Although 2019 saw an investment peak in Vietnamese startups, funding dropped by 22% in H1 2020, from $284 million USD in the same period last year to $222 million USD, due to COVID-19 travel restrictions and complications in deal-making activities. Despite the limited number of new investors entering Vietnam’s market in H1 2020, H2 is witnessing a pickup in fundraising activities, keeping Vietnam ahead of Singapore. 

The funding scene in Vietnam is flourishing according to Cento Ventures, with an impressive two-year leap from having one of the weakest startup ecosystems in the region to becoming the third busiest in H1 2019, preceded by Indonesia and Singapore. Vietnam surpassed the latter for the first time in 2019, when its total tech startup funding reached $741 million USD, compared to Singapore’s $693 million USD. 

Vietnam startups raised a total of $246 million USD in H1 2019 with 63% of the funding captured by three of its big players Tiki, VNPay and VNG. The retail, digital payments and edtech sectors dominate the investment list with a diverse mix of foreign investors, led by Korean, Singaporean and Japanese Venture Capital firms (VCs). 

Why Vietnam?

According to Do Ventures, 55% of investors preferred Vietnam as an investment destination for the next 12 months, followed by Indonesia (42%) and Singapore (14.6%). With 80% of them planning deals over the next year, the focus is likely to be on the education, healthcare and financial services sectors. 

DO Ventures shares why they see Vietnam as the next big market for the region.

Foreign funds invest millions of dollars into Vietnamese startups, encouraged by the country’s favouring factors, such as increased internet penetration, its young, tech-savvy population and its fast-growing middle-class

Global firms backing Vietnam’s startup scene

Affirma Capital announced in February an investment of $34 million USD in Sieu Viet Group, an online recruiter and owner of the job listing websites TimViecNhanh, ViecLam24h, ViecTotNhat and MyWork. Affirma Capital is no stranger to investing in Vietnam as this was its fifth deal. It has previously backed children’s lifestyle platform N KID Group, agrochemical distribution and food production company Loc Troi Group JSC, restaurant chain operator Golden Gate and Online Mobile Services JSC, which operates eWallet MoMo. Momo raised a $100 million USD funding from US-based equity firm Warburg Pincus

US-headquartered VC firm 500 Startups invested in 19 new companies in 2019 and aims to reach the target of 80 companies invested cumulatively by early 2021. 

Payment solutions firm VNPAY raised $300 million USD from Japan’s SoftBank and Singapore-based sovereign wealth fund GIC.

South Korean STIC Ventures has also granted capital to many startups, such as eCommerce operator Tiki, and other firms such as Cammsys Vietnam and Nanogen Biopharmaceutical. Tiki received a $130 million USD investment from private equity fund Northstar Group, becoming one of the top 5 funded startups in Southeast Asia at the time.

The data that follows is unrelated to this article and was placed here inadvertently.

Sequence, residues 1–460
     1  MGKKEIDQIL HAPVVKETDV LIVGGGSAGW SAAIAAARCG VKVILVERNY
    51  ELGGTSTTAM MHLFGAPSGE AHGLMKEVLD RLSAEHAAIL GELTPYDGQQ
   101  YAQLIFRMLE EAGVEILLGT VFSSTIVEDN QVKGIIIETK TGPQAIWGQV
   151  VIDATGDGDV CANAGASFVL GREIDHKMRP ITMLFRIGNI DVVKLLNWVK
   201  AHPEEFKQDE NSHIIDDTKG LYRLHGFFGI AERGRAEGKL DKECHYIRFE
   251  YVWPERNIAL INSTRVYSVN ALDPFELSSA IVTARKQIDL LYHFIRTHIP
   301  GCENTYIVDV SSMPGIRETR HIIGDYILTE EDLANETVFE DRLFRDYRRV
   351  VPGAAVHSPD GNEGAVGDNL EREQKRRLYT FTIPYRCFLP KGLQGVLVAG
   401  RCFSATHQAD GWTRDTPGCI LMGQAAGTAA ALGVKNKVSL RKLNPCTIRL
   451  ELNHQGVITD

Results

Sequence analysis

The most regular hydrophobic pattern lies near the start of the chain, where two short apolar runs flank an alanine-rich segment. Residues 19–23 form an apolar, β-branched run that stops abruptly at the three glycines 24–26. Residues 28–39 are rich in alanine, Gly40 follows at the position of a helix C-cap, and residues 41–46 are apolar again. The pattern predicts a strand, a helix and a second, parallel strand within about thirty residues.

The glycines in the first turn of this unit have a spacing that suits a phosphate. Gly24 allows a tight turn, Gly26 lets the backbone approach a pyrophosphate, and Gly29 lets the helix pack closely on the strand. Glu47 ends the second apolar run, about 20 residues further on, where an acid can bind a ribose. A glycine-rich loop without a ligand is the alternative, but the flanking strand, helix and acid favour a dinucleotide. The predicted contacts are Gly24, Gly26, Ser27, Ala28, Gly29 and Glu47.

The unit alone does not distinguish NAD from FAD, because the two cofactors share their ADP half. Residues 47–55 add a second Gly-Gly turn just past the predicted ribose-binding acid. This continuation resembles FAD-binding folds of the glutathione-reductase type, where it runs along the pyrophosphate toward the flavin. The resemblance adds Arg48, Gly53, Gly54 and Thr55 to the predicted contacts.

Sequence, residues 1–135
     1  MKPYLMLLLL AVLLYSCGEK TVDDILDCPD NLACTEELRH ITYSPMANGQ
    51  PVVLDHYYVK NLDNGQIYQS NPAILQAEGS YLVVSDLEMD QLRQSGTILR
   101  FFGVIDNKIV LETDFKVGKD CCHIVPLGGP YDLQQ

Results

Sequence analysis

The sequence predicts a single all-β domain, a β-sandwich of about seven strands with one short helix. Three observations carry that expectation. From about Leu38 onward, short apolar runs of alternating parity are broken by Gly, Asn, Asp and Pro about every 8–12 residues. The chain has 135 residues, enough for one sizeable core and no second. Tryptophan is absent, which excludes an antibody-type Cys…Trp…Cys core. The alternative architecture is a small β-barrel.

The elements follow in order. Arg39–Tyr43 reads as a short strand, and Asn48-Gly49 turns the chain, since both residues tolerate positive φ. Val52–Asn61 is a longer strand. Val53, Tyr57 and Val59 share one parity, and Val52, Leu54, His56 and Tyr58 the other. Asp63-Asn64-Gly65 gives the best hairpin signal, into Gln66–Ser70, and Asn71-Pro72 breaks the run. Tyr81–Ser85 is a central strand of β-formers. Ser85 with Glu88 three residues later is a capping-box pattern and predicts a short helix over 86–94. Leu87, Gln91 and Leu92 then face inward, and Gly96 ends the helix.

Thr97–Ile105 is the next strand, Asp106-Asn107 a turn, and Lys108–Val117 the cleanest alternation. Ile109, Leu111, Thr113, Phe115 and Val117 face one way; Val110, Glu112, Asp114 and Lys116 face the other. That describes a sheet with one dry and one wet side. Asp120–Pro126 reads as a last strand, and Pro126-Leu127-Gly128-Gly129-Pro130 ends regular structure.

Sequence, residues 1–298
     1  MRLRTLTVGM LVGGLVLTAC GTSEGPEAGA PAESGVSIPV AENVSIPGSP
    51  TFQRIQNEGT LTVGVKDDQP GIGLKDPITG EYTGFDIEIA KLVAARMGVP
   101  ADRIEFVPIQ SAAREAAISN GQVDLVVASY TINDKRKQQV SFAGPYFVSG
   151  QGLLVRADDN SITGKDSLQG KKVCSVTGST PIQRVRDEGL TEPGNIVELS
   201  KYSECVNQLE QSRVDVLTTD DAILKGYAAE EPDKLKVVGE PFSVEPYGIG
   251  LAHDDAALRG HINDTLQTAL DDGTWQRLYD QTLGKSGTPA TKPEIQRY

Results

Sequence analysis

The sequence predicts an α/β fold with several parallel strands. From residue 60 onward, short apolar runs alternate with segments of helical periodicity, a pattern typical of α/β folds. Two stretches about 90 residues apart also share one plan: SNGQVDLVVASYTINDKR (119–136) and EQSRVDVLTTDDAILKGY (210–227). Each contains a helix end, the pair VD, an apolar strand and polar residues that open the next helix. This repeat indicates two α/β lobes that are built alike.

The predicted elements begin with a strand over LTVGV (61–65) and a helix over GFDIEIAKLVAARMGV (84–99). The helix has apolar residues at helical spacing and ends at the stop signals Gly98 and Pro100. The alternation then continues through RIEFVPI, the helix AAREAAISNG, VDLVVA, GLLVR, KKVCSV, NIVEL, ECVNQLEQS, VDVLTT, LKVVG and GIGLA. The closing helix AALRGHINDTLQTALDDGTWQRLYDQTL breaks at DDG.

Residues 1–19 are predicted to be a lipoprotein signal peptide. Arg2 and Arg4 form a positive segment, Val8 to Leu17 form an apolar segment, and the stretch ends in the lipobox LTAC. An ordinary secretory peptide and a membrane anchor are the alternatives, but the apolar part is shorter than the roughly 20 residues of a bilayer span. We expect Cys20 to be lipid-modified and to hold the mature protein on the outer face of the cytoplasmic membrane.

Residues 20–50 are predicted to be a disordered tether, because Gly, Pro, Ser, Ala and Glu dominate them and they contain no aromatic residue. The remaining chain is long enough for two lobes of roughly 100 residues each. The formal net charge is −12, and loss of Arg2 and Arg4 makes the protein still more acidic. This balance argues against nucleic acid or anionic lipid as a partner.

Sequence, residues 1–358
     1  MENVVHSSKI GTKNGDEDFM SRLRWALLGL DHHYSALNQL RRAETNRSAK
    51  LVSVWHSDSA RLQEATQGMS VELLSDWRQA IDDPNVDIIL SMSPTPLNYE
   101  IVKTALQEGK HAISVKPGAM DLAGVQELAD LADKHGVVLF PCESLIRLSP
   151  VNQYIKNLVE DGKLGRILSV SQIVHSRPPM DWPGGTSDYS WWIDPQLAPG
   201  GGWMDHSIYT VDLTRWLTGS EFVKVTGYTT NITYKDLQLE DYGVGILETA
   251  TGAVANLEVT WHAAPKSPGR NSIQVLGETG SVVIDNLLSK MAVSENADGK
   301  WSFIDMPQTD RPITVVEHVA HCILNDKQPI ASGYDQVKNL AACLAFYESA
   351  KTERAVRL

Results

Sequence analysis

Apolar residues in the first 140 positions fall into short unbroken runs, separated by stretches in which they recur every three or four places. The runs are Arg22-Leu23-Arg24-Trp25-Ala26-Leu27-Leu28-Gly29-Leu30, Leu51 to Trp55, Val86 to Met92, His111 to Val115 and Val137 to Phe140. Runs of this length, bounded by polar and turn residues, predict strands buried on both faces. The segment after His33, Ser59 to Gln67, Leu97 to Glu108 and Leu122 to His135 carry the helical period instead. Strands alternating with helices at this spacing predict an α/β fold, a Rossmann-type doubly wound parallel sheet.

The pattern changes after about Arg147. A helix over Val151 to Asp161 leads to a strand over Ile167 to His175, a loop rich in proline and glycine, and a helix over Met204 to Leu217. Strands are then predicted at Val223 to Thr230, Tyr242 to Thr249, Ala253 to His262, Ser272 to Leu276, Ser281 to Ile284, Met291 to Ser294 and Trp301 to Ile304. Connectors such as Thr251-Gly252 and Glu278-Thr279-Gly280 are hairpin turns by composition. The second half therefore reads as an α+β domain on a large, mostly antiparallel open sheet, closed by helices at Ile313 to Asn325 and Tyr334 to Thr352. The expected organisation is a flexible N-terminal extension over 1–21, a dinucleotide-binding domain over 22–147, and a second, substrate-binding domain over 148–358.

Do Ventures launched a $50 million USD fund for Vietnamese startups in July, backed by Korean Internet giant Naver, Singapore-based VC firm Vertex Holdings, Korean app developer Woowa Bros and leading consumer Internet company Sea.

The investment vehicle has hit over half of its $50 million targets and initially focussing on early-stage companies, before investing in seed to Series B rounds. The firm hopes to encourage faster digitalisation of traditional businesses and increase consumers’ accessibility for better customer experience. 

Funding future is bright

With Southeast Asia seeing some of the highest internet and smartphone penetration rates in the world, technology is much more accessible to all than in previous years. Vietnam has latched onto this phenomenon and also has a young talent pool with a growth mindset and a fast-growing economy. These factors, coupled with a significant public policy towards the health crisis, are helping to invigorate the funding scene in Vietnam. The county shows immense long-term potential for startups serving both domestic and foreign markets.

However, as further disruptions and economic effects due to the coronavirus pandemic are likely to challenge Vietnam startups, the ability to embrace change is crucial for their growth and survival. Some may need to reinvent themselves altogether, while others may require a simple pivot in their offerings or business plans. 

Tran Hai Linh, CEO of eCommerce platform Sendo, noted: “To grab the opportunity, startups should step up and try new things. The key ability for them to win is to create a unique point. No success can be achieved by copying. Startups in Vietnam can exploit new fields which nobody has done before to be the next disruption to succeed”.

With the support of government policy and the opportunities arising from the rollout of 5G in the country, Vietnam looks set to continue to prosper as a startup hotspot and attract VC funding.